An awe-inspiring wonder of man's genius for extracting the wealth of
nature from the ground: that's the only way to describe The Bullion Pit,
the huge man-made gold mining pit 5 kilometres west of Likely that was
in operation from 1892 to 1942. The mining activities created an opening
3 kilometres long by 400 feet deep, moving 12 million cubic yards of
gravel. In 1938, the mine used more water per day to feed the big
hydraulic hoses than the entire city of Vancouver.
Relive the ghost town of Quesnelle Forks, 5 km northwest of Likely, with
the annual festival of events on the second weekend in July. Founded in
1859 as the first Cariboo "Gold Camp", and laid out by the Royal
Engineers in 1862, Quesnel Forks was at one time the largest city on the
mainland, with over 5,000 residents at the height of the gold rush. The
old cemetery offers an interesting glimpse into the past.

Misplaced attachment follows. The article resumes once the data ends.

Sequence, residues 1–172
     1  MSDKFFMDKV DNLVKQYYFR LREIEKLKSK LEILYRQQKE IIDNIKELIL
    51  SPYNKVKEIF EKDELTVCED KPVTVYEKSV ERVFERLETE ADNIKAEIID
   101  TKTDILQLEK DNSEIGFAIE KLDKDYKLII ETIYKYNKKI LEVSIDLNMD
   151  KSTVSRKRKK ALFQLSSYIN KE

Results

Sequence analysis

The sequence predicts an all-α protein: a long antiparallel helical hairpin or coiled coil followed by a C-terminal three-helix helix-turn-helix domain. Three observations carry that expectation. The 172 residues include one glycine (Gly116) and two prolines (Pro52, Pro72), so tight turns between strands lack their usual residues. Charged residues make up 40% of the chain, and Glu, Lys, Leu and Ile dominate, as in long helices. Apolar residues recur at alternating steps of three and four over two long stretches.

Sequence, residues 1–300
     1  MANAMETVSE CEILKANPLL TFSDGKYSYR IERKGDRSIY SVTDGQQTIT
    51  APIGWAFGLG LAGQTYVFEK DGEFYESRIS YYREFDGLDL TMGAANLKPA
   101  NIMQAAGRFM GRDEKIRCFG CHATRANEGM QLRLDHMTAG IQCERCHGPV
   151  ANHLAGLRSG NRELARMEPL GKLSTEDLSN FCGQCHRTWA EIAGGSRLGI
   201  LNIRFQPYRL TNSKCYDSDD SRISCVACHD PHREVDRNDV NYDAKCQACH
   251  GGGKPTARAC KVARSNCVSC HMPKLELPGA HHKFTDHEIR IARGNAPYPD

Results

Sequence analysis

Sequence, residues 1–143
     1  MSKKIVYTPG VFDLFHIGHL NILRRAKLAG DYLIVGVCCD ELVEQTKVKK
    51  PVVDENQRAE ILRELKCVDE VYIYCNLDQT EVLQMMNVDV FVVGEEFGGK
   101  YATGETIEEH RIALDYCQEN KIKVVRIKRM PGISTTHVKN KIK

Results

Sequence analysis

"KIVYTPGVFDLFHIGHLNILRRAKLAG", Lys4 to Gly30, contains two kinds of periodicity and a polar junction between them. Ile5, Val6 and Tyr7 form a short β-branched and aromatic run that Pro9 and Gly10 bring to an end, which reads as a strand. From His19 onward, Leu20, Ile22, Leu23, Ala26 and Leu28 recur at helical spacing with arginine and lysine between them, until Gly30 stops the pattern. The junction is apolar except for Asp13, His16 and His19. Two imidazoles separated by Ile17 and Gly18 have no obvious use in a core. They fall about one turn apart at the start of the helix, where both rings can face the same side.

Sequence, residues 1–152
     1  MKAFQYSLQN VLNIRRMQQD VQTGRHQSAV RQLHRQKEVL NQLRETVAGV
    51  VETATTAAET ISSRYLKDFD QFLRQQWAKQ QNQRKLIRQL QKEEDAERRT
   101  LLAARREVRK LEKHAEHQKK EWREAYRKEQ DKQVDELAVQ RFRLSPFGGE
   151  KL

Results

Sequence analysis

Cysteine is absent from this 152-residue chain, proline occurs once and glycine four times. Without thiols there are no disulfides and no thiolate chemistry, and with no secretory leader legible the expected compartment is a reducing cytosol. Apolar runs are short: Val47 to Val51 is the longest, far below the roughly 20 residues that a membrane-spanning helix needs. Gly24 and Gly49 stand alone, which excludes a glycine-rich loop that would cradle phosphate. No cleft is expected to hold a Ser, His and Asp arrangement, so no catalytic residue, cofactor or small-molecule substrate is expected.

Marvel at one of the Twin Giants, huge steam shovels purchased in 1906
to dig a canal from Spanish Lake to the Bullion Mines. The shovels
weighed approximately 22,000 pounds each, and were shipped in pieces
from Toledo, Ohio. Transported first by rail then by wagon to a site
below the dam on Spanish Lake, they were assembled and placed on railway
tracks to begin digging the ditch. It was reported that $20,000 were
spent before the operations were suspended, leaving the shovels where
they stopped work in 1907. One shovel rests in Cedar Point Park, the
other is restored and on display in Quesnel.
Cited BritishColumbia.com website, April 21, 2010